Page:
Annette Govindarajan studies the biodiversity, ecology and evolution of marine animals. As a principal investigator for the OTZ project, she examines genetic material in seawater (also called environmental DNA or “eDNA”) to learn more about organisms that are present in the deep ocean. It’s cutting-edge work, and it’s revealing some species that would be nearly impossible to find using other methods. In this interview, learn about Govindarajan’s work with eDNA, what keeps her passionate about this new technology, and more.
What kinds of questions are you trying to answer about the ocean twilight zone?
I'm investigating the kinds of animal biodiversity that are in the OTZ. For example, what species are there? Where do we find these species? What are the factors controlling their distribution? Those are some of the big unanswered questions. I think one of the most exciting aspects of this work is that it has the potential to help us discover new species in the OTZ that we didn’t realize were there
How does studying eDNA help us better understand the twilight zone ecosystem?
The beauty of eDNA is that you don’t need to take genetic samples from specimens - only seawater. If we find an animal’s DNA is in the water, we expect that it was present somewhere, even if we never actually see it. And that’s great, because some of the species that live in the OTZ are particularly hard to catch in a net and study directly, especially jellyfish and other gelatinous animals. They're so delicate that they fall apart if you try to collect them in a net. We actually think that gelatinous animals are underestimated in the OTZ—there are probably a lot more of them than our net sampling shows. By using eDNA, though, we hope to get a more comprehensive picture of what's down there. It’s a new tool in our toolkit, and it nicely compliments the other methods we’re using.
What are some of the main challenges of studying eDNA?
Given that it’s such a new technique for the mesopelagic, we still have a lot to learn about the best ways to use it. For example, more work needs to be done to understand how eDNA signals relate to actual animal abundances and biomass. Also, in order to put species names on the eDNA sequences that we find, we first have to match our sequences to a pre-existing genetic reference database. That means we need to flesh out the database in the first place with sequences from animals that we’ve already identified. Doing that can be pretty straightforward if you already have a physical specimen of animal to work with—but it can be a real challenge to get a positive ID for animals that are hard to catch, like gelatinous species.
You’re also working on ways to automate the sampling process. Why is that important?
Getting good eDNA samples isn’t very easy. Typically, they’re collected by filling bottles (called Niskin bottles) in the deep ocean, pulling them up to the ship, and then filtering the water inside them to obtain the genetic material. It’s a long process, and when you have a dozen or more bottles, it can take a few hours. You also have to be really careful about contamination while you’re filtering, especially on a ship—there are usually lots of other scientists aboard who are working with their own samples, so we have to try to carve out our own space and sterilize it before each use. To get around that problem, we’re working on creating autonomous samplers that can filter seawater at depth, so when the sampler comes back up, we can just remove the filter and put it in the freezer for storage. Currently we’ve deployed our sampler with Mesobot, a new hybrid vehicle for studying the midwater. This approach gives us more flexibility in sampling, reduces the chances for contamination, and saves labor.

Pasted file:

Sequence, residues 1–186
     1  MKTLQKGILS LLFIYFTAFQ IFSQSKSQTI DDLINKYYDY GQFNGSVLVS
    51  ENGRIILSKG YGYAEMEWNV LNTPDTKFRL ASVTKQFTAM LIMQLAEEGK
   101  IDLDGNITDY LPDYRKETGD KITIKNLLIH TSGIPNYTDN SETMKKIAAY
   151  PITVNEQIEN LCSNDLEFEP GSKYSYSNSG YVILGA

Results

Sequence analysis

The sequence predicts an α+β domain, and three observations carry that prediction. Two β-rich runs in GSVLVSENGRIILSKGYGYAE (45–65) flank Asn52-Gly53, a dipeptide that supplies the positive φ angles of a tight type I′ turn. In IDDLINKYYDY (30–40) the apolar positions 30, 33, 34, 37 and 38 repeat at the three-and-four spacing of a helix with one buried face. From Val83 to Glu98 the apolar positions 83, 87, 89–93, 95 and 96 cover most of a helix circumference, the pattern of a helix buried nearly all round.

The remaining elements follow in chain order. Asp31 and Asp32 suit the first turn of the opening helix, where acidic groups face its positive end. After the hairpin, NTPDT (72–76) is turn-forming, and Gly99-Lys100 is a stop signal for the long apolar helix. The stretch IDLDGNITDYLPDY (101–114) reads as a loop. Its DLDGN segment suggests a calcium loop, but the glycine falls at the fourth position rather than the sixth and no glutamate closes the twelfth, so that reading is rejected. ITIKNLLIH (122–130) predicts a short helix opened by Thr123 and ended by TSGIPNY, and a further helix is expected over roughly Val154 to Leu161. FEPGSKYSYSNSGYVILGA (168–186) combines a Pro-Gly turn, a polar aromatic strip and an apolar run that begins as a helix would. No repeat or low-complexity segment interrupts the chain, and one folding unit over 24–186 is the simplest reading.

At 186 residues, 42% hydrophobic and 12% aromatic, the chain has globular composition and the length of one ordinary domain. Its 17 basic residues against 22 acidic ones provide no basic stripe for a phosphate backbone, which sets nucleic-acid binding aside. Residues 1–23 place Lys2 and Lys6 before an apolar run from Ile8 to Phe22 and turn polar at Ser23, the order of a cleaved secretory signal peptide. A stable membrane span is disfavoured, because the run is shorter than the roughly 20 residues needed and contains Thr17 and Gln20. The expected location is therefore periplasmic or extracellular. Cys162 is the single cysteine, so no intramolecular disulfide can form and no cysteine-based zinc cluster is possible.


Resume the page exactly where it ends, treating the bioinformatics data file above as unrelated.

What is one of the most exciting things you’ve found in the OTZ so far?
On one cruise, we pulled up a bizarre looking blob in one of our large net tows. When I sequenced its DNA, I discovered it was a fragment of an extremely rare deep sea jellyfish—one that is only known to science thanks to a handful of records. So using genetic analysis, I was able to learn something new about the distribution of this species, and record a new sighting of it in a place where it hadn't been seen before. That's the kind of thing that I ultimately want to do with eDNA in conjunction with other approaches.
Why do you think it’s so important to study the OTZ now? What’s at stake?
Many scientists have studied coastal areas as well as the surface ocean and deep sea floor. But in between the surface and the bottom, there’s the vast middle part of the ocean, which is mind-bogglingly large. That's where the OTZ is located, and it’s an area of the ocean that we know very little about.
Over the last few years, some studies of the OTZ have suggested that there’s much more life down there than we once thought—as in an order of magnitude more. Much of that life could be harvestable using deep-sea fishing nets. There is a lot of interest in capturing deep-sea species on a commercial level, particularly as coastal species have declined. The problem is that we don’t yet have enough basic information about the OTZ to ensure that the species living there are harvested in a sustainable way. We’d need to know things like: what exact species are there? How long do they live? What's their life cycle like? How many offspring do they produce? Really, just basic questions about life history and biodiversity, We absolutely need to get some answers before people begin exploiting the OTZ—not after the fact when it’s too late.